The world is watching Nasty C and he knows it
It’s 23:30. Nasty C’s flight is almost an hour late. He arrives after dark to avoid the hassle of daytime travel, especially following the hype around his debut album, Bad Hair. He’s a champion avoiding a hero’s welcome.
He touches down with his entourage, predictably wearing all black and teal rimmed glasses. Even at this ungodly hour, in the two-minute walk from the terminal to the luxury car waiting for him, he is stopped by fans asking for pictures. He barely has a moment to notice his Juice Back remix video playing on MTV on the screens all over the airport.
“Right now I am already in studio making more music. I am humbled by the response to the work and I see it all,” he says as we screech away from the airport.
“People already know the lyrics. I can post something online and use a lyric as the caption and people will comment with my entire verse. That’s real special. That’s real love when people care enough to pay that much attention.”
At the end of September, after a setback which meant he could not clear the sample from Luther Vandross’ Dance with My Father for A Star is Born (one of the standout cuts on Bad Hair), Nasty did the unthinkable and released the entire album as a free download.
“It felt so wrong to push the project back ’cause if we had, it would have seemed like a stunt. The way people perceive what we’re doing, we just had to show them how serious we are about giving them music by any means necessary,” he says.
The project has taken off like wildfire, igniting thousands of downloads and hitting number one on iTunes and Audiomack within minutes.
On this release, Nasty C offers some insight into the anxieties of millennials who came of age in the animal farm that is Jacob Zuma’s South Africa. From sexual frustration to family trauma and generational guilt, it’s all there, cloaked in the loud thud of beats tailor-made for the club.
There is an anxious grandeur to Bad Hair. Each kick and snare is a disguised attempt at keeping the abyss at bay.
“I expected my fans to relate. That was my only expectation. The way that people are doing it is a little scary.
“I had a homie tell me that his pops had passed away and he sent me a screenshot and he said he’d been playing A Star is Born for four hours. That’s crazy. There is a lot of pain in the world and I cannot make honest music and not reflect that.”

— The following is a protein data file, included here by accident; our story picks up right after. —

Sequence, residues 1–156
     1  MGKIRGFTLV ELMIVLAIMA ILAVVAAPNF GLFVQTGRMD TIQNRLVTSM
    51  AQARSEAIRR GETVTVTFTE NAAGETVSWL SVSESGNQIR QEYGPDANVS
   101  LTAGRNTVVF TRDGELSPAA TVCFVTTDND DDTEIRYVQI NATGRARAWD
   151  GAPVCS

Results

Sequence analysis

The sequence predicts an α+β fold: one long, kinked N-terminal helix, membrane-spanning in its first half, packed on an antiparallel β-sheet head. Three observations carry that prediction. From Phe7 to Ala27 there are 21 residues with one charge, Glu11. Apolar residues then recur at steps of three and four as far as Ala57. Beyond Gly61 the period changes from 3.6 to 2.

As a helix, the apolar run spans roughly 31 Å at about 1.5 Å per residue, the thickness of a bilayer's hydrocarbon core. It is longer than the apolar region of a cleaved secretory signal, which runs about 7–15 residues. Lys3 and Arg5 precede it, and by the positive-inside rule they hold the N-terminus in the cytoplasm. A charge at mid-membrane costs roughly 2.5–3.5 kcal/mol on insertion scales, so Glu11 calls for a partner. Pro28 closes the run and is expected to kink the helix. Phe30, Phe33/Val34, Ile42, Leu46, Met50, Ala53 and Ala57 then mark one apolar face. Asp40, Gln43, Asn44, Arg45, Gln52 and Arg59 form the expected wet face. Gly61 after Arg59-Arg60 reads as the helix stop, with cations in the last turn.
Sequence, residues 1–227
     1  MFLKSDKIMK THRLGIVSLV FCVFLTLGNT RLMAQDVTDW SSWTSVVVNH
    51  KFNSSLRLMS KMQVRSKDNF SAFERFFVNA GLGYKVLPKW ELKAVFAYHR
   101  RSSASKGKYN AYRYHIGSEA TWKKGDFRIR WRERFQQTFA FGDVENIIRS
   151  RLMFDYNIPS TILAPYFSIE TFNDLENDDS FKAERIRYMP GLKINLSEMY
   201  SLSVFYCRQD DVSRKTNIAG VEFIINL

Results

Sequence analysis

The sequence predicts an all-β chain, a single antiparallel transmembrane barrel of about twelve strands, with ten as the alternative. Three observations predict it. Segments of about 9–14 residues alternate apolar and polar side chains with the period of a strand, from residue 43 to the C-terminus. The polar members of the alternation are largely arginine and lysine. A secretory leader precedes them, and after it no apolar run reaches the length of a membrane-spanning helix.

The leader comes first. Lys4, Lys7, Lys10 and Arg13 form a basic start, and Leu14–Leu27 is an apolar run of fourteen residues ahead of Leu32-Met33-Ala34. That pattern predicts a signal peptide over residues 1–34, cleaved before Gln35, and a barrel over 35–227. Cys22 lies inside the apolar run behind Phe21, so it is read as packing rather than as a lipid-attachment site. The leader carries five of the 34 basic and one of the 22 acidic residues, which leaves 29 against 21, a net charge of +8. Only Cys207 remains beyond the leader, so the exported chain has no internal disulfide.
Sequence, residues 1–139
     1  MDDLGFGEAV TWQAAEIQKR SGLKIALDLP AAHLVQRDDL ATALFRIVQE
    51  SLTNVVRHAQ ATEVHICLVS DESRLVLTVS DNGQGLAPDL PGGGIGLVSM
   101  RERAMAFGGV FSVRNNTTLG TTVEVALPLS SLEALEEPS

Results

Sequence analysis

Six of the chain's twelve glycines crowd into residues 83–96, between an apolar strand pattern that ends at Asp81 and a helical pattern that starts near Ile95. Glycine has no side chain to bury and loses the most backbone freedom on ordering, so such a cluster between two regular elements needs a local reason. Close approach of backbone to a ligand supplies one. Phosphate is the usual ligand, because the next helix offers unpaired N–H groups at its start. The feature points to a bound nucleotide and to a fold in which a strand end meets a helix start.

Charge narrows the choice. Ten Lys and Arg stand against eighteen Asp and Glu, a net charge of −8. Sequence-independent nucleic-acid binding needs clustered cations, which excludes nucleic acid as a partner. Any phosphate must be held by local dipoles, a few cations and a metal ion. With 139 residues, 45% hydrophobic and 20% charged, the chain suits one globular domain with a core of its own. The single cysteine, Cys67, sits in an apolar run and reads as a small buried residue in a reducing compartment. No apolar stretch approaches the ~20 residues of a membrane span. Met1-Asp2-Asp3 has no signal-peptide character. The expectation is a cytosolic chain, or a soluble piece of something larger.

What makes the structure of Nasty C’s lyrics interesting is that unlike his OG’s (predecessors), they are not reflective. He writes almost exclusively in present-active tense. This gives Bad Hair a lucid, in the moment quality that is absent in the music of his peers.
The number of features he has done over the past year also speaks to his voracious need to express himself. But even as he raps circles around his contemporaries, Nasty C displays an uncanny awareness of the limits of the music and a healthy mistrust of the medium of hip-hop.
On this project, he repeatedly draws attention to the often neglected subject of black male friendship. It’s not lost on him how young men ritually bond not only through physical confrontation but through other forms of violence, most of which are directed towards women.
In a world where access and excess can make young men aspire towards being as cold and hard as metal, Nasty C is offering words that propose that men stand to lose nothing by softening.
The history of the Ngcobo surname can be traced back to northern KwaZulu-Natal. Legend has it that uShaka banished all the Ngcobos after suspicions that they were trying to poison him. They were forced to cross the Thukela River to the lower east coast where, almost 200 years later, a boy by the name of Nsikayezwe (root of the nation) Ngcobo would be born and grow up to become Nasty C.
The weight of that history is not lost on the 19-year-old and on some of the songs on Bad Hair he references the need to restore dignity to the Ngcobo name. But right now he is focused on making his immediate family proud.